The mission was simple: find somewhere good to eat brunch with my lad prior to lunchtime in the pub to watch the big match. Good comfort food required, but also somewhere vaguely student-friendly and cool to be seen in, since students care about these things and Adam is a student. As it turns out, the Refectory Kitchen fit the criteria perfectly and is almost next door to the Bishop’s Finger on St Dunstan’s Street, where we eventually drank beers and watched footie.
The Refectory combines outside tables for sunny days (this Saturday was, but we went inside) and a stripped-back bijou interior with plenty of smallish tables. Since they don’t take bookings, we did well to get in early – queues were present and growing by mid-morning.
We sat near the back, close enough to see the kitchen, equipped by blokes dressed in black t-shirts and shorts. It got pretty crowded as waiters made their way through in decent impressions of ballerinas, and diners made their way to the nearby loos, but we mostly toned out the background and chatted over our grub.
Talking of waiting staff, they are barely distinguishable from diners by virtue of clothing (eg. no aprons or badges), but have been hired on the basis of being very young, slender and cool, apparently the main criteria. At least they are enthusiastic, attentive, well-informed and responsive, which is certainly not true of waiters at all diners.
One issue noted was that the brunch menu offered is not the same as that offered on the website, the latter not having been updated to reflect the loss of ham hock hash. Adam was notably disappointed, though presumably it reflects a lack of interest by the Canterbury public in what should be a stand-out dish.
But let’s start with drinks. Adam turned down my suggestion of Bloody Mary with brunch and chose fresh orange juice, which did taste better than average. Unfortunately, my usual black Americano tasted strong but muddy and, in all honesty, a bit off. Whether that was due to the blend being off or inexpert barista performance I can’t say, but it wasn’t up to the standard expected in a world packed with competing coffee chains.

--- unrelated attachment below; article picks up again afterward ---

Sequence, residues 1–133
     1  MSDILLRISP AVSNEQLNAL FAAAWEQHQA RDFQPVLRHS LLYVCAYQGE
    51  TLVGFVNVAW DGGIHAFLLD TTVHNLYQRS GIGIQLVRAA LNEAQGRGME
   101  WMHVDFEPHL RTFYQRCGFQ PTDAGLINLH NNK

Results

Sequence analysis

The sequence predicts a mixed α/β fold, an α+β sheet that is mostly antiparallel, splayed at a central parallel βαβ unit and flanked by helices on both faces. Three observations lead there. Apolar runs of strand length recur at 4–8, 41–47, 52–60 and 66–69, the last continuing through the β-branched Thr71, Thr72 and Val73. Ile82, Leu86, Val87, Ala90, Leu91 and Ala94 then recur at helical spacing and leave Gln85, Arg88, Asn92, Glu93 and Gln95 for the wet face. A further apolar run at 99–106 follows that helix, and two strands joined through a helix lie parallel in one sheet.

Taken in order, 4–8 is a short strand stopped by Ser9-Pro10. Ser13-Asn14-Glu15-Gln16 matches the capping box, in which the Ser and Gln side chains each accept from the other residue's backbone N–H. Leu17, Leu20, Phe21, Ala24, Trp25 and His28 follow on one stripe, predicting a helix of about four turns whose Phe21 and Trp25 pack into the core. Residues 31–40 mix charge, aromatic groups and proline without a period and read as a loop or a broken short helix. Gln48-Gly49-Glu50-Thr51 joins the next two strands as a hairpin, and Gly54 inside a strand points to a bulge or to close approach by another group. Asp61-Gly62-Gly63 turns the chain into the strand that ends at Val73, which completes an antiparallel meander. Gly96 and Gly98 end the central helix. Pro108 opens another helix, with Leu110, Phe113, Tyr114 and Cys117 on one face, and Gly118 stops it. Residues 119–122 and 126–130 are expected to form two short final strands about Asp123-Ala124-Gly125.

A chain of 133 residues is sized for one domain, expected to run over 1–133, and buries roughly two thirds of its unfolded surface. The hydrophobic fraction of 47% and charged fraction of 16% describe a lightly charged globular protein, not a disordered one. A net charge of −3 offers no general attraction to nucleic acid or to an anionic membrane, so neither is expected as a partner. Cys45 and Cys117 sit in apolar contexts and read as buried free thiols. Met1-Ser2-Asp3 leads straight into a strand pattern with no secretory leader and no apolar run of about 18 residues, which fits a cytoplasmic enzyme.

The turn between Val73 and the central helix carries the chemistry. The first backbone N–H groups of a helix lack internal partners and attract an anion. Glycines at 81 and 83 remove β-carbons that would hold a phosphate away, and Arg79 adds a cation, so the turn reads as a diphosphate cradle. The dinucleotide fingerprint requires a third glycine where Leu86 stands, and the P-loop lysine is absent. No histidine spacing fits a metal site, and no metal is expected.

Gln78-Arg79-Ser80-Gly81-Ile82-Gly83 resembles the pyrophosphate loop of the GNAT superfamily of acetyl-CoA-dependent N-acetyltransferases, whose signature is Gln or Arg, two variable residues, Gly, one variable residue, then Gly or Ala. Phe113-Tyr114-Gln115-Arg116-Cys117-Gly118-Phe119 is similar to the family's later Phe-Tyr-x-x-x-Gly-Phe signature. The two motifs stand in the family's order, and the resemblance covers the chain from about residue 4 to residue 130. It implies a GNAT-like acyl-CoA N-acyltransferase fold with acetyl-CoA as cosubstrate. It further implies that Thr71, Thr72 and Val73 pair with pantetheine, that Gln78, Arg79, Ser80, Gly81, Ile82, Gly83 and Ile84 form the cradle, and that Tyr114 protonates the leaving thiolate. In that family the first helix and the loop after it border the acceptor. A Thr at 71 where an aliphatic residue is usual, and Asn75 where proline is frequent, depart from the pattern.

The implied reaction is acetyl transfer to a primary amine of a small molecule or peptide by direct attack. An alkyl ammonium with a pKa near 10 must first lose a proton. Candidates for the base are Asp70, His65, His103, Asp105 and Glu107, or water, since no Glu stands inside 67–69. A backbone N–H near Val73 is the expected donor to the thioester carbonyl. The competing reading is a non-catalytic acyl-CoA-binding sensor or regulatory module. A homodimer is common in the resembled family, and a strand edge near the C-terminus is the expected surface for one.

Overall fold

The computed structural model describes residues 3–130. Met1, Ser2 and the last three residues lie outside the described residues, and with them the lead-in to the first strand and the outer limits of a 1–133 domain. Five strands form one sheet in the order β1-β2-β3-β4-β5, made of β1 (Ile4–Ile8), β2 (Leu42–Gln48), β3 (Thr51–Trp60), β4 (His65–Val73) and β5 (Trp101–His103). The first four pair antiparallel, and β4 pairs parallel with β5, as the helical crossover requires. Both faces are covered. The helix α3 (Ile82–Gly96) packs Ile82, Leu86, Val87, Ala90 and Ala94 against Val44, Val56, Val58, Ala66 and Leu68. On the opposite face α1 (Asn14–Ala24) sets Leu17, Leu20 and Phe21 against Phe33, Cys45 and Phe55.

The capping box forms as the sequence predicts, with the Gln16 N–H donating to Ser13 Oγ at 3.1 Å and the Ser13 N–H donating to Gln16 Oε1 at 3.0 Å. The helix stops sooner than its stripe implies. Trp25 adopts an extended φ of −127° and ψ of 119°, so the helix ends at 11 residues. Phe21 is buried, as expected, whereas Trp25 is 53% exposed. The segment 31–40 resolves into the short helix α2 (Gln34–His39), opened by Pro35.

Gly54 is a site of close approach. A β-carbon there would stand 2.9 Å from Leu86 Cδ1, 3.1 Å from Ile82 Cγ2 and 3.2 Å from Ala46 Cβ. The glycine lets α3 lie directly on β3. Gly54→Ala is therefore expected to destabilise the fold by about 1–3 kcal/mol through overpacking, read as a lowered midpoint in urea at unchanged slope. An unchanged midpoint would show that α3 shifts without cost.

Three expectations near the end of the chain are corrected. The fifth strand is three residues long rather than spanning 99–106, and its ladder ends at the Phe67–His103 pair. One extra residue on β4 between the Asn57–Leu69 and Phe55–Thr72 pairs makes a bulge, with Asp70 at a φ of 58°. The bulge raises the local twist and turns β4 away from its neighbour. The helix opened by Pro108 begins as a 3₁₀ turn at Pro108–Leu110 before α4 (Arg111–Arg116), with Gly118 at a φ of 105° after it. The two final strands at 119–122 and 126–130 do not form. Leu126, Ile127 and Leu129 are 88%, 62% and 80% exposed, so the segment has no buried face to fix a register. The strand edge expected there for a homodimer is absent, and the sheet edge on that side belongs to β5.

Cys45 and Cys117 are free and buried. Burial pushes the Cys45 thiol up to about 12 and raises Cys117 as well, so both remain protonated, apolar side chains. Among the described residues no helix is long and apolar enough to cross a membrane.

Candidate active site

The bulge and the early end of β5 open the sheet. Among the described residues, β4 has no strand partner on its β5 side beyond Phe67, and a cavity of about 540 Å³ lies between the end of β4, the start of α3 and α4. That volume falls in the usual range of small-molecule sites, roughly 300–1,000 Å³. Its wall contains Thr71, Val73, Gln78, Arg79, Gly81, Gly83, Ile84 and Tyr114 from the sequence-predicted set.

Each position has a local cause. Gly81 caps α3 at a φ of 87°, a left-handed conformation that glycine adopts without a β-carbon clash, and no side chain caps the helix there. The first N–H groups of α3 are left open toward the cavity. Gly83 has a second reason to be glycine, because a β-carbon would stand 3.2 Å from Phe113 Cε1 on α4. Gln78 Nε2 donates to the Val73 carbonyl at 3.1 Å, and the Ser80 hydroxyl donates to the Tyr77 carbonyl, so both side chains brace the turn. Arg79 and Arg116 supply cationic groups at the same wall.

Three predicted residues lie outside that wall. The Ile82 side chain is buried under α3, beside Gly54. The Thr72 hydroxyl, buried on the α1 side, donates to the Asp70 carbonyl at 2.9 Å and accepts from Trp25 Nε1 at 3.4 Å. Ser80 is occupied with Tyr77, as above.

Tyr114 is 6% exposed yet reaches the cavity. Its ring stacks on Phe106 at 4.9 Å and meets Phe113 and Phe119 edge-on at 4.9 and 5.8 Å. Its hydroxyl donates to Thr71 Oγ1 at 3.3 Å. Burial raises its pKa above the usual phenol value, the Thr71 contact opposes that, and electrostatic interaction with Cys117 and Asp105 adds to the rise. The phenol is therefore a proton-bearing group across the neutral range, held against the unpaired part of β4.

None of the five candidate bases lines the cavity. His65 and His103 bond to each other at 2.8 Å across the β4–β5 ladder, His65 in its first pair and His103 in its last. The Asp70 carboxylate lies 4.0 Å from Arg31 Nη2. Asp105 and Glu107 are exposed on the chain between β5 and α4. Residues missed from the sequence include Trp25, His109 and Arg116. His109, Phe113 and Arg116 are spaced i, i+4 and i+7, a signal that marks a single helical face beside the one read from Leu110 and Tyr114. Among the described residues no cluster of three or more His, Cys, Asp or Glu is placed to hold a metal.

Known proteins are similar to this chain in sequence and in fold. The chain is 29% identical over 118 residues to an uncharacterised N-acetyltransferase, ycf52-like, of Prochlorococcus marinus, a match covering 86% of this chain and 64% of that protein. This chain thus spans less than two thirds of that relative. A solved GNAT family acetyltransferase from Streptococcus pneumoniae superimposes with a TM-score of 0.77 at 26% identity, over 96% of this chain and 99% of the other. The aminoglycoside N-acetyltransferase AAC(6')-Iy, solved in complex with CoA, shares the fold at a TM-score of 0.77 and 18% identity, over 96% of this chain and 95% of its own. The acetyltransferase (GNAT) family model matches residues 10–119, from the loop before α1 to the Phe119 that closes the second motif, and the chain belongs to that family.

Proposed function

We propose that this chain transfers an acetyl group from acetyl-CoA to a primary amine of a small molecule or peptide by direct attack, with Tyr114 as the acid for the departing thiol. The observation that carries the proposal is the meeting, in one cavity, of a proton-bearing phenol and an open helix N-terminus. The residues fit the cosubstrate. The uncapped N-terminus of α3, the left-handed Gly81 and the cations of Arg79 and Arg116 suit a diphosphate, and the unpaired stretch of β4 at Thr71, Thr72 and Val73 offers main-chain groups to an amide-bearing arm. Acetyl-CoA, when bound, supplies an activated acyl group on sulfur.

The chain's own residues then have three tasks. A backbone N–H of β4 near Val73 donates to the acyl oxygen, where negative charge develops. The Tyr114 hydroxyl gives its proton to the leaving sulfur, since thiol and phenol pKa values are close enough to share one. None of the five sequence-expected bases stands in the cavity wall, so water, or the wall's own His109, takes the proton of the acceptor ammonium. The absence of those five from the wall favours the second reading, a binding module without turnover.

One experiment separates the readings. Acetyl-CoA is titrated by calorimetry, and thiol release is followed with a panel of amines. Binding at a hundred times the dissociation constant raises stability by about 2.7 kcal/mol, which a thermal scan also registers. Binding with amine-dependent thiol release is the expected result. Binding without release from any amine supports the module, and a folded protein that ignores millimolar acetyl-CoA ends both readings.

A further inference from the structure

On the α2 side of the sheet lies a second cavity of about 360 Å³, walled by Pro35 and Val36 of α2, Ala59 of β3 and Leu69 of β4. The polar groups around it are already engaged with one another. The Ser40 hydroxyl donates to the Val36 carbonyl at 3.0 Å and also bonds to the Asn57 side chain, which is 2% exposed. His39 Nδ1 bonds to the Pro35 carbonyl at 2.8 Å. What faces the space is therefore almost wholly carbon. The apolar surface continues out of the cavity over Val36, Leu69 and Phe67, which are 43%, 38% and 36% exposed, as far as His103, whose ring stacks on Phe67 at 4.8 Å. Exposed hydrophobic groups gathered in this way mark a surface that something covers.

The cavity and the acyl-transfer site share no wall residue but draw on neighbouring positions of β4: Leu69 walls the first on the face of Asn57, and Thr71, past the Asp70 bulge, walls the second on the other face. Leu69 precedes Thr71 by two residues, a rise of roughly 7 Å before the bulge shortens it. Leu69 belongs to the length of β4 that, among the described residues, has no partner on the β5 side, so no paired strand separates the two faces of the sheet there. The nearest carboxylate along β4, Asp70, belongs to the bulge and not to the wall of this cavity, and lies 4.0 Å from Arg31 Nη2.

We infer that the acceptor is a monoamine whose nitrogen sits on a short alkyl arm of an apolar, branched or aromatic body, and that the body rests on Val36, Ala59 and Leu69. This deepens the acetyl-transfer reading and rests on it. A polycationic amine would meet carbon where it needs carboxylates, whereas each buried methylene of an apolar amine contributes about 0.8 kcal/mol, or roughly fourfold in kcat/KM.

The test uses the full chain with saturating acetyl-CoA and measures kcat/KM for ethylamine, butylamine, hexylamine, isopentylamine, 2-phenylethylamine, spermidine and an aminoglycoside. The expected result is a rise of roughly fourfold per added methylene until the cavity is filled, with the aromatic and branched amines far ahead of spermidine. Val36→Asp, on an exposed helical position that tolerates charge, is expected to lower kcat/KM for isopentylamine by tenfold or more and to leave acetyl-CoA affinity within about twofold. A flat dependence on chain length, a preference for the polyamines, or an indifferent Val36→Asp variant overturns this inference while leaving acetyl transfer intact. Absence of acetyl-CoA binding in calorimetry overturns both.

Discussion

Even without HHH, the menu divides between old favourites and the sort of updated fancy breakfasts that appeal to new-age global diners. You know the sort – plenty of avocado, spinach, chorizo, even a courgette and pepper rosti in evidence. Superfoods and sexy ingredients for those who aim to move away from greasy spoon menus.
Adam chose Refectory Ranchers, a sort of updated new age egg benedict meets Egg McMuffin through the inclusion of “sausage patties” and avocado on a muffin with “chipotle hollandaise.” It looked rather better than it sounded, and was mostly lapped up but for the inclusion of too much bottled hollandaise and the fact that my boy is not quite sure about poached eggs.
A shame since they were done well, and I speak as an expert in the dark arts of egg poaching. He did like the perfectly runny iridescently orange yolks, which pointed possibly in the direction of Burford Browns, as eaten in the Rivington Grill, Good Egg and plenty more fine London brunch diners.
I went for the Refectory Grill-Up, aka Full English, all the better for the inclusion of homemade baked beans – a trend I’ve picked up recently, including the aforementioned Rivington Grill. The English is one instance where the whole can only be the sum of the parts, so I look for attention to detail throughout and no obvious duffers.
Good news: smoked bacon was tasty hand-cured, thick-sliced proper bacon with a good rim of fat-turned-crisp. The sausage was a corker – big and juicy with evidence to suggest it originated with a decent butcher. The beans were atop a slice of good chunky toast, with a good fried egg, unusually flavoursome roast tomato and a flat mushroom on the side. Not innovative but competent throughout, for which small mercy I am grateful.
In fact we added a side order of a sliver of bubble and squeak for a quid just to give it a whirl. Not the best I’ve tried, but evidence of a good assortment of cooked veg added to the spud in the shape of a Scottish pancake sized patty cut in half. Not quite the East end bubble, but not bad either.
It would be interesting to try the more esoteric items on the menu, and maybe that the Refectory continues to innovate – though without undermining the quality and relative value that makes them a good bet. As it is, the lunch menu traverses the world in hope of attracting diners with jaded palates, but maybe there’s a bit of that in all of us?
Just one request: please fix the coffee!